A new study from three big-brain economists—Oded Netzer and Alain Lemaire from Columbia and Michal Herzenstein of the University of Delaware—put their undoubtedly intelligent heads together to figure out a tough question: How can you tell whether or not someone who’s asking for a loan will actually pay it off? They found a lot of interesting results in their study but let’s highlight one in particular: People who invoke the name of the Almighty while applying are among the least likely to be good for it.
From New York Magazine:
The scholars used data from Prosper, a peer-to-peer lending site. Potential borrowers write a brief description of why they need a loan and why they are likely to make good on it, and potential lenders decide whether to provide them the money. Overall, about 13 percent of borrowers defaulted on their loan.
So, what language predicts that the potential borrower will end up defaulting on the loan? The study said words like God, promise, will pay, thank you and hospital were the biggest red flags.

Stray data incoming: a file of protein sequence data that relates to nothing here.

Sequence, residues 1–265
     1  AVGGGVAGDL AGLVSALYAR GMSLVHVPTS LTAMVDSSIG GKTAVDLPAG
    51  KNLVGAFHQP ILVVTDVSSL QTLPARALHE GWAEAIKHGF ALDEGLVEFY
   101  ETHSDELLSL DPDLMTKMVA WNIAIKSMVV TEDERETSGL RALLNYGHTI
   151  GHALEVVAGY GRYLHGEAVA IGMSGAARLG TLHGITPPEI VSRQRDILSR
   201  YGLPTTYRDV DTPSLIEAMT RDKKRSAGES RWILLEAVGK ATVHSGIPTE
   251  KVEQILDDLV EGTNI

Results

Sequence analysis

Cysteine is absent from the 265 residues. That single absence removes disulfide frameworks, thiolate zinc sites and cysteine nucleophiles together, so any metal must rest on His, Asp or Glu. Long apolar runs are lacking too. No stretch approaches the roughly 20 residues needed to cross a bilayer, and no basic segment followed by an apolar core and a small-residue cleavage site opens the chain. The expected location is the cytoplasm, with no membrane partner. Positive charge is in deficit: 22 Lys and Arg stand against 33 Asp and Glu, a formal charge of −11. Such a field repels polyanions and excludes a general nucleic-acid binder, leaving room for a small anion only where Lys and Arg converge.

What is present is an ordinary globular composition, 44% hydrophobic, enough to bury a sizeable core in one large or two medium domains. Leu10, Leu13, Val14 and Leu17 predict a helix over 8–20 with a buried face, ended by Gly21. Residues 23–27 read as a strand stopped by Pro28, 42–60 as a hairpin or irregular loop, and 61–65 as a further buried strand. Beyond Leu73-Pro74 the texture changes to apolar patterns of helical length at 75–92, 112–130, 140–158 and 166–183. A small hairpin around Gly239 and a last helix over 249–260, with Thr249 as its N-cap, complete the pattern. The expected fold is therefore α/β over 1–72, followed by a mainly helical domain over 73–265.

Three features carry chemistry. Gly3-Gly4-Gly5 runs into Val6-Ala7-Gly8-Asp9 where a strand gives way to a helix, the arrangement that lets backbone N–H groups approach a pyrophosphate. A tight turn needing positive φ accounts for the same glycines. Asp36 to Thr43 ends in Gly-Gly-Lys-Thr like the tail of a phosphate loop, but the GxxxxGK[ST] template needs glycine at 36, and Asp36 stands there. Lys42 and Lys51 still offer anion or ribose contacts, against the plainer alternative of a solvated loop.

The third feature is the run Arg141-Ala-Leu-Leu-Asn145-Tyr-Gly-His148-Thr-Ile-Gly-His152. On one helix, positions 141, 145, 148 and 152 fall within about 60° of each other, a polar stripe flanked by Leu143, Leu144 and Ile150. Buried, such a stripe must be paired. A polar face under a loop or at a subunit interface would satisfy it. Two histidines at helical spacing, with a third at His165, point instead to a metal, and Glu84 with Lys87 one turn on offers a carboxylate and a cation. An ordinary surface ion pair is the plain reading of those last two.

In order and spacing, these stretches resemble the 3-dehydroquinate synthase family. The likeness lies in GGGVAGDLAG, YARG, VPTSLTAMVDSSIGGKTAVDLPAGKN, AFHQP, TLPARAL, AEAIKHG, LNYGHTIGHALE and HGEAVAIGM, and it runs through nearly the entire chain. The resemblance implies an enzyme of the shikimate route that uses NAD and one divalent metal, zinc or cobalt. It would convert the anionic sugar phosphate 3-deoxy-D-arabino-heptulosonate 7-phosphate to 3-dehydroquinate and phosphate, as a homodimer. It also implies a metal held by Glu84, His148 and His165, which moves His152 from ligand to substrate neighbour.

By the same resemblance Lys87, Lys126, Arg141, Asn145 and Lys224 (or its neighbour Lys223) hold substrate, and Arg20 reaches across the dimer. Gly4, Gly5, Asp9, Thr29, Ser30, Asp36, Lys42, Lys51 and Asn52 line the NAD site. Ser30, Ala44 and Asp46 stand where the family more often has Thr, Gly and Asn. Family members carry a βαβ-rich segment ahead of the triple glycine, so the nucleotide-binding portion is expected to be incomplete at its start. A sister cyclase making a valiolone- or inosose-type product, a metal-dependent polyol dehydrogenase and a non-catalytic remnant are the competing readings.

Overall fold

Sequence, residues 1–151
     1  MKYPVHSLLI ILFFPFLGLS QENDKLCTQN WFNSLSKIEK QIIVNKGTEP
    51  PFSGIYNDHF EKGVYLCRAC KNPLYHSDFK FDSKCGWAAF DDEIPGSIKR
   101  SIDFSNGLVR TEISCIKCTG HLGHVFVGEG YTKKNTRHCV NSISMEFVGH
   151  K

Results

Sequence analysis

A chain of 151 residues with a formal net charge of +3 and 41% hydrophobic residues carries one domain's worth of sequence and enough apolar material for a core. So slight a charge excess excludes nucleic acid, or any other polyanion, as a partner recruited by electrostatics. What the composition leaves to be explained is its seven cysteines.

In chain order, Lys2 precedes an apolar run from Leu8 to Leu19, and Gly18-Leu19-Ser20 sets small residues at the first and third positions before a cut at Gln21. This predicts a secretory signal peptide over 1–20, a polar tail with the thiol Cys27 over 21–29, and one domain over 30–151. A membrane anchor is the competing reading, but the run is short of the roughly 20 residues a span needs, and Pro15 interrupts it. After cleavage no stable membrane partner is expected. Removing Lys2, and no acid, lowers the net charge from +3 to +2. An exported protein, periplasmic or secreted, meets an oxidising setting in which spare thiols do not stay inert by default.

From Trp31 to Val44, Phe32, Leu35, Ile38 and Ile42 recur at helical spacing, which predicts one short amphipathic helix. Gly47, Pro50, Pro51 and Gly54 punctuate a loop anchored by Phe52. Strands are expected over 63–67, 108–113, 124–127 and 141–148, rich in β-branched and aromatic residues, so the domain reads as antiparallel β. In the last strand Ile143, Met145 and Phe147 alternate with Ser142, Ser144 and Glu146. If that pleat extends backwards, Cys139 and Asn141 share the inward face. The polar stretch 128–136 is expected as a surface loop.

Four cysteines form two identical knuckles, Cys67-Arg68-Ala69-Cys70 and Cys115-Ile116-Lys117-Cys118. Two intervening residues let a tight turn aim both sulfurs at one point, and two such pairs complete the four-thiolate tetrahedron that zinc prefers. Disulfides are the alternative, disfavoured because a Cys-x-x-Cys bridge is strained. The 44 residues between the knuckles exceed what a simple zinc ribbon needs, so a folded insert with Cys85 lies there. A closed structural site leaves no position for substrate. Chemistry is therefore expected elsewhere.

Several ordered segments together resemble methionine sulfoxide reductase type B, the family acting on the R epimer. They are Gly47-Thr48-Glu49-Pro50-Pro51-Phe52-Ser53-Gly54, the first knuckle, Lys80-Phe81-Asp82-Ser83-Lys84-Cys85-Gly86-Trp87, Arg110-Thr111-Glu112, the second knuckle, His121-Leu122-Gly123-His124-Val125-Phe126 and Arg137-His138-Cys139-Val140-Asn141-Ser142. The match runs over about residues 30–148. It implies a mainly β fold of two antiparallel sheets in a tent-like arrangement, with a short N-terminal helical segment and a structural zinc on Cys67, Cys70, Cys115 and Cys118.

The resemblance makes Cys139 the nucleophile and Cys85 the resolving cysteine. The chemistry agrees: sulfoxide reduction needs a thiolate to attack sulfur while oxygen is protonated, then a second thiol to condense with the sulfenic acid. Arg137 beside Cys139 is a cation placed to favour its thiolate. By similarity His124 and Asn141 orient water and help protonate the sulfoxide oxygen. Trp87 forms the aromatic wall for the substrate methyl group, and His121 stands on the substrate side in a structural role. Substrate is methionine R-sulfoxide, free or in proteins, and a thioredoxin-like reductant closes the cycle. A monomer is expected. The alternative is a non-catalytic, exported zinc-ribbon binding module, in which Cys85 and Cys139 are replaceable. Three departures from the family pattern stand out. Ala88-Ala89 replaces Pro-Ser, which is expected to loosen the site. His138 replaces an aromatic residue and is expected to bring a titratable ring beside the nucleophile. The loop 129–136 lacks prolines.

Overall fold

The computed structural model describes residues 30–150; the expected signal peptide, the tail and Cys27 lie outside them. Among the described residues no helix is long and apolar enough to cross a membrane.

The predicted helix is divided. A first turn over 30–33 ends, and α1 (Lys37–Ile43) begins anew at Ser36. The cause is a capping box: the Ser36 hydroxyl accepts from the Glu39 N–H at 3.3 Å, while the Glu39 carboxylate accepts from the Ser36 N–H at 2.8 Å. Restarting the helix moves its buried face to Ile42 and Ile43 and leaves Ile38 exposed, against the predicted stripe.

There are a few possible reasons for this. The researchers said the word “God” could be used in more of a colloquial sense like “I swear to God, I’ll pay you back” which could imply a level of financial desperation.
But the issue runs deeper than that. The fourth commandment forbids “taking the Lord’s name in vain.” That’s often interpreted to caution against phrases like “Oh, my God” and that may well be so. But in the context of the day, the commandment was really about using God’s name in a hollow oath—using His name to fortify a promise you could not keep. That’s the original version of taking God’s name in vain, and according to this study, it’s still being done a lot.